Infinite—valued Logical Calculi
Part of the Advances in Soft Computing book series (AINSC, volume 15)
In Chapter 4, many—valued logics were discussed. In that case, sets of truth values were finite and in Chapter 12 we have demonstrated that rough sets may be interpreted as Łukasiewicz algebras of 3—valued Łukasiewicz calculi. However, the Łukasiewicz semantics, introduced in [Łukasiewiczl8] and discussed also in [Łukasiewicz20, 30], and presented in Chapter 4, does allow for infinite sets of truth values. In this case, one may admit as a set of truth values any infinite set T ⊑ [0, 1] which is closed under functions
in the sense that c(x, y), n(x) ∈ T whenever x, y ∈ T; we recall that the function c is the meaning of implication C and the function n is the meaning of negation N in the Łukasiewicz semantics. One shows (cf. [McNaughton5l] quoted in [Rose—Rosser58]) that any such T needs to be dense in [0, 1]; it is manifest that 0,1 ∈ T for each admissible T. Thus, sets Q 0 = Q ∩ [0, 1] of rational numbers in [0,1] as well as the whole unit interval [0, 1] may be taken as sets of truth values leading to respective infinite valued logical calculi. The additional merit of these two sets of truth values is that both Q, R l are from algebraic point of view, algebraic fields so they may be regarded as vector spaces over themselves, and we will make use of this fact later on.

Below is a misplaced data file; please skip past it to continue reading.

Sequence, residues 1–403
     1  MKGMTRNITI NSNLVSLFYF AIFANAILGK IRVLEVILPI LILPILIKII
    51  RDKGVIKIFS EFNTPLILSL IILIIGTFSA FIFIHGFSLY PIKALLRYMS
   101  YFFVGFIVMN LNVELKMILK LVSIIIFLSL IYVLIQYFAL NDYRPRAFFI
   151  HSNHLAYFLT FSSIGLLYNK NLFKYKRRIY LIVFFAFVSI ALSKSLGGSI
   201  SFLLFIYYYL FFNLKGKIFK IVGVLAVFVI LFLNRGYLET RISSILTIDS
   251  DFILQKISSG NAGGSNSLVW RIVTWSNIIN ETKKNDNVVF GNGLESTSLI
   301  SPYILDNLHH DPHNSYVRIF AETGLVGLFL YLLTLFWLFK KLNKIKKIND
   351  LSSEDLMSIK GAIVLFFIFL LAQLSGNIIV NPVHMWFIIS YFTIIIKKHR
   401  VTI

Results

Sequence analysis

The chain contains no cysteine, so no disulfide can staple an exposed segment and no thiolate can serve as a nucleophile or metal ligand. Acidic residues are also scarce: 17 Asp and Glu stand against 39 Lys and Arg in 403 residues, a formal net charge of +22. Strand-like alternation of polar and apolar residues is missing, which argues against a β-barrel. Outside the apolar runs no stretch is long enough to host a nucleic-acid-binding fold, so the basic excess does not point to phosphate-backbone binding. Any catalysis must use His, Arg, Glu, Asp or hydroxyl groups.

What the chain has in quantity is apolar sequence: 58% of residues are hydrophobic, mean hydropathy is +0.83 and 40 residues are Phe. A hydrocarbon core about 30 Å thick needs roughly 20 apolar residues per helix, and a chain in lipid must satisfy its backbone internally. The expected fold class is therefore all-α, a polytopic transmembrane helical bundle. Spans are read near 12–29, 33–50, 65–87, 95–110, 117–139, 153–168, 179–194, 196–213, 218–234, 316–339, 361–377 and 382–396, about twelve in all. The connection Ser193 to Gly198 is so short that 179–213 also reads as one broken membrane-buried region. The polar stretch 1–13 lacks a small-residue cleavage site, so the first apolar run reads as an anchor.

KeywordsFuzzy Logic Inference Rule Inductive Step Residuated Lattice Inductive Assumption
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